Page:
Some pics attached below. Thanks in advance for advices and any thoughts on the matter.

Vlad

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Edited by Vladislav

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The air lines on T2070 look this way. As you can see some of the connections have no attachments and I don't have knowledge of what to attach to.

May.2018. 077_resize.jpg

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May.2018. 076_resize.jpg

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Only thing I can comment on is; it’s the easiest way to put clutch in by putting it all on transmission front shaft & putting it in & taking it out; let the jack handle the weight!

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56 minutes ago, 1965 said:

Only thing I can comment on is; it’s the easiest way to put clutch in by putting it all on transmission front shaft & putting it in & taking it out; let the jack handle the weight!

Thanks, just didn't know it's possible that way. Seems also preventing from getting bent anything in clutch while tranny hangs on its input shaft.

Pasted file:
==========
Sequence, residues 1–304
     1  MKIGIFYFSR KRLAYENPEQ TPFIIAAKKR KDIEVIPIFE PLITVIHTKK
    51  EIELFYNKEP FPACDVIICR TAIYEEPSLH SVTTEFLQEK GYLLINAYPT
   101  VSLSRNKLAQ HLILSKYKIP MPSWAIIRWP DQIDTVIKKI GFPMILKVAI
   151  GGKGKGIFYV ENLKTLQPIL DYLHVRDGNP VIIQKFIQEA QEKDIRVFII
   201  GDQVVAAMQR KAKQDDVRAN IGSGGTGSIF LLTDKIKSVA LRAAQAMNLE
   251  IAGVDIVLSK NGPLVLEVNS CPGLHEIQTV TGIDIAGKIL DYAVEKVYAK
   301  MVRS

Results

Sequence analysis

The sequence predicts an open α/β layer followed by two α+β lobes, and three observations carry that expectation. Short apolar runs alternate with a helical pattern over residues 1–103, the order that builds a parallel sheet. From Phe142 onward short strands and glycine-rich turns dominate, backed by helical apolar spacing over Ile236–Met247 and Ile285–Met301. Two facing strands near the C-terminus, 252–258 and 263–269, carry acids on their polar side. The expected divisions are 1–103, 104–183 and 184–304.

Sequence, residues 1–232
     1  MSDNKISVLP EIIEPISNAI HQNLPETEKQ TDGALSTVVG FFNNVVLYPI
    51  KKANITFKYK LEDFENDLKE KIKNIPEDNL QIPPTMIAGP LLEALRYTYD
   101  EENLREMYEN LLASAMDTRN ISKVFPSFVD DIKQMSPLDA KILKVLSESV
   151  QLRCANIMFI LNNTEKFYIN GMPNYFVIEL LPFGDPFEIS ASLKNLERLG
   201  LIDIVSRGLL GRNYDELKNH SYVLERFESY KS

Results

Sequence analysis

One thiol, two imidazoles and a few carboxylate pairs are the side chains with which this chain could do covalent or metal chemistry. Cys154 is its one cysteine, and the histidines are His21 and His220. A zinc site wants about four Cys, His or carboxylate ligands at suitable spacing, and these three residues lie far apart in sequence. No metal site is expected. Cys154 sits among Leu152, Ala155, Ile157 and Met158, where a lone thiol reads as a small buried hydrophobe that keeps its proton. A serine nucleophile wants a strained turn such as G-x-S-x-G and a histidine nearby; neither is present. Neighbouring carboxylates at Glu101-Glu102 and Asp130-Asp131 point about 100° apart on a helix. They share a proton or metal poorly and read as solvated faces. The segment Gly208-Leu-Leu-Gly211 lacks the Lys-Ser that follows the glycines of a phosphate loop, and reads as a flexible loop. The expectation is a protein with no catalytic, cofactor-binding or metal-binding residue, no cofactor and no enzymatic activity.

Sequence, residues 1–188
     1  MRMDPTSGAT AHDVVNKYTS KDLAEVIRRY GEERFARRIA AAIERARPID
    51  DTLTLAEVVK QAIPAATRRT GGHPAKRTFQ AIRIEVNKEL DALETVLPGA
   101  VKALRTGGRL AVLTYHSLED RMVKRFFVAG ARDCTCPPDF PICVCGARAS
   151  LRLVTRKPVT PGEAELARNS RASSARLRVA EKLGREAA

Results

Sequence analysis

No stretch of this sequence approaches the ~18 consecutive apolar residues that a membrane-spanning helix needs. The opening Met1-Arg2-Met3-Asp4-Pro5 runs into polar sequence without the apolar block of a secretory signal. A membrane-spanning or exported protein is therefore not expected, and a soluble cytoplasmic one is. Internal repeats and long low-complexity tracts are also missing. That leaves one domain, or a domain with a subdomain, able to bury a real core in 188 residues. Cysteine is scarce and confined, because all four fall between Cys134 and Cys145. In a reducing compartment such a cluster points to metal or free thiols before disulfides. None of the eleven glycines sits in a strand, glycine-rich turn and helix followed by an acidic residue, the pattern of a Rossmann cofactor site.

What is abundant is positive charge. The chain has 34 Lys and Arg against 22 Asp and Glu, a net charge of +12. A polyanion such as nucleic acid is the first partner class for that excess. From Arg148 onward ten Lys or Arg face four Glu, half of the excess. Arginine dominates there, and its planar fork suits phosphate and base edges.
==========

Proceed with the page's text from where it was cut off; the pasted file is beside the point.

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Posted (edited)
10 minutes ago, Vladislav said:

Thanks, just didn't know it's possible that way. Seems also preventing from getting bent anything in clutch while tranny hangs on its input shaft.

Done a few that way; makes it very easy all you have to do is get it in pilot bearing. So much easier. Which I know you know to start each pressure plate bolt & rotate engine a couple of times to make sure it all is aligned right & all before tightening.

Edited by 1965

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2 minutes ago, 1965 said:

Done a few that way; makes it very easy all you have to do is get it in pilot bearing. So much easier.

what do you do about bolting the clutch to the flywheel with the trans .in your face?

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5 minutes ago, carlotpilot said:

what do you do about bolting the clutch to the flywheel with the trans .in your face?

You stick them in through throw out bearing cover & rotate engine.

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42 minutes ago, 1965 said:

You stick them in through throw out bearing cover & rotate engine.

What also surprized me is the pulling type of the pressure plate. All cars I dealt with and even my Mack of 1945 had plates a bearing presses on toward the flywheel. You probably can't do your trick with that style so I just kept it out of mind.

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I knock the wood blocks out they have on the throw out bearing, put it on shaft & hook the the fork. Slide in and install bolts rotating engine couple of times. If you ever do 1 you want do it any other way. Some applications want let you do it that way.

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Vlad